Do you know how much a half gallon of orange juice costs? Think carefully. What was once a 64-ounce container of juice is now 59 ounces. A pint of Hagen Daz is just 14 ounces (Ben & Jerry’s still has a 16 ounce “pint.”) How do you compare?
Take another example, hotel rooms. I found a great place to stay in Sonoma for under $200 a night in February. This summer there was nothing under $300 at the same place. I recently purchased artwork for my office. I had no idea how much to offer, except that it had to be lower than the asking price! Plane flights, cars…ditto. Clearly, some prices do vary based on seasonal factors. Yet, is there such a thing as the “real” or best price for anything?
I find this situation – the fluidity of prices and the lack of clarity as to what I “should” expect to pay – personally quite frustrating. How do we establish real value and how do we know whether a given commodity is “worth it?” This two part series will look at prices from a couple of different perspectives.
How our reactions shed light on our relationship with money
First we’ll examine how our reactions to uncertain prices might shed light on our relationship with money. Making a purchase can stimulate all kinds of emotions, from elation at finally getting something we’ve worked a long time to acquire, to regret for spending so much only to find that we didn’t want whatever it is as much as we thought we did. Noticing these emotions helps us gain insight into why we make some of the choices we do.
In part two we’ll look at the price of retirement. Unfortunately, the question, “How much does it cost?” can be a challenge to answer.
We want to use our money in ways that not only support us, but also bring us some measure of happiness. When we tie the use of money to an emotion like happiness, things become complicated. Money is no longer just a medium of exchange, but takes on different meanings for us.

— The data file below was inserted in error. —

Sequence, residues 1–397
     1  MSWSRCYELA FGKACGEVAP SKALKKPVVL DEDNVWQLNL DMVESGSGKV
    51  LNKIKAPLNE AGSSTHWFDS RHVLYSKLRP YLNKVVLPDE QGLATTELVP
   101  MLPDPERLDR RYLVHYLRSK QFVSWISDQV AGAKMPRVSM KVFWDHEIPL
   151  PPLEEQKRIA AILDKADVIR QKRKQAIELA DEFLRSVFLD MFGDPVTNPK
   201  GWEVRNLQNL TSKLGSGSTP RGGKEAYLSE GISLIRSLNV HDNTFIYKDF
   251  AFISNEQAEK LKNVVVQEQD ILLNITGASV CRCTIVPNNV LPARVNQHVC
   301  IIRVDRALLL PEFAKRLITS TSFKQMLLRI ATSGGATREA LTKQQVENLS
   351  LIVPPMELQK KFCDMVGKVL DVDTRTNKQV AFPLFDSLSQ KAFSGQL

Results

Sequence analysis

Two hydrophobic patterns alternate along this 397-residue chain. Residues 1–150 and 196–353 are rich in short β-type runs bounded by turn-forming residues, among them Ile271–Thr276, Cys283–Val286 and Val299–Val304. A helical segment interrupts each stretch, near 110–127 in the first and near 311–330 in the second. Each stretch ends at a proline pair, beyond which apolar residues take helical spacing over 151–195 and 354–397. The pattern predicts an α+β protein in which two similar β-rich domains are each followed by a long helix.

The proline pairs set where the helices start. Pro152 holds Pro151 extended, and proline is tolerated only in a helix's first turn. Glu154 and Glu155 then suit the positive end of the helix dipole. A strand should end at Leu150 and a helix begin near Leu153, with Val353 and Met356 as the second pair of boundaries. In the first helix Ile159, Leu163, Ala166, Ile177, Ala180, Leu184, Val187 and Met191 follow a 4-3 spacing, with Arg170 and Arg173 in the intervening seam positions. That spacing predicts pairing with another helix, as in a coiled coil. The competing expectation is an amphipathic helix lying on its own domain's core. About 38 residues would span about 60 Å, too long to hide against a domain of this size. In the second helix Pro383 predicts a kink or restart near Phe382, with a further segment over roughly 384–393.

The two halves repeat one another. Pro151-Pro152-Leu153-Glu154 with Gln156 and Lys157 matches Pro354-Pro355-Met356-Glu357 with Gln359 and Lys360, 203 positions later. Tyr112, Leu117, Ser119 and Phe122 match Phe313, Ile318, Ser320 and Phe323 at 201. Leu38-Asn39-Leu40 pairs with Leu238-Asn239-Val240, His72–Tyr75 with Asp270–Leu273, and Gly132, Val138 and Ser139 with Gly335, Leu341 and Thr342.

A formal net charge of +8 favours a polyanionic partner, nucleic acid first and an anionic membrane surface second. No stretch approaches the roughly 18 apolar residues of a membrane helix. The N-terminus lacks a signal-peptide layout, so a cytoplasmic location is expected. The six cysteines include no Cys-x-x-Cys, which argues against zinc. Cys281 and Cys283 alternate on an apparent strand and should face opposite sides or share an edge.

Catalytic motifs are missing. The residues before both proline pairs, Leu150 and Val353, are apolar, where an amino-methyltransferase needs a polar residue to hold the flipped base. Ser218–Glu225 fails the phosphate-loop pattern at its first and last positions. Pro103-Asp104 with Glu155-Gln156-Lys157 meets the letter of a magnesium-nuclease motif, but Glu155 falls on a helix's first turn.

The reality is that prices are constantly changing and our feelings about them can change, too. Think about how you felt the last time you found out your car needed repairs costing over a thousand dollars. Or how you felt getting a big tax refund. Or what about wanting something – a lot – only to find it is way more expensive than you think you can afford?
Years ago I had an interesting experience buying lettuce. I would be standing in the produce aisle deliberating over whether to buy organic or regular romaine. The organic was only one dollar more, and yet a loud, insistent voice in my head kept saying, “Buy the regular one and save a buck!”
This became an opportunity for me to observe my reactions and to be curious. Every time I walked out of the store with the cheaper lettuce, my emotions made the decision. It was completely unconscious. This happened at a time in my life when money was particularly scarce. In later asking myself why this occurrence seemed to trigger my emotions, I discovered that I had a belief there would never be enough money.
Triggering the fear of “not enough”
This fear of not having enough can manifest in a variety of ways. You may have difficulty spending on yourself or your family. You may be overly inclined to buy things on sale just because they appear to be a good deal, whether you actually need them or not.
Being aware of instances like this when they happen can illuminate our relationship with money. If you find yourself agitated about the cost of a particular thing, notice the feelings, try to identify them, and then ask what’s behind that? Are you reacting to current conditions, or to a belief from years ago?
You may not “get it” right away, but if you are persistent, your self-inquiry will eventually pay off. It can take a series of episodes for a pattern to emerge. Perhaps you will remember a story from your childhood that exemplifies the underlying factors, and you will be able to connect the dots.
Gaining insight into your relationship with money is most valuable in allowing you to make more conscious choices with it. We all have situations in which we go on autopilot with money. If you know more about yourself and your triggers, you will then actually be free to make a choice.
In Part II, we ask, “How much does it cost to retire?” The question whether you will have enough money to retire is not something that we can give a “yes” or “no” answer to. Stay tuned…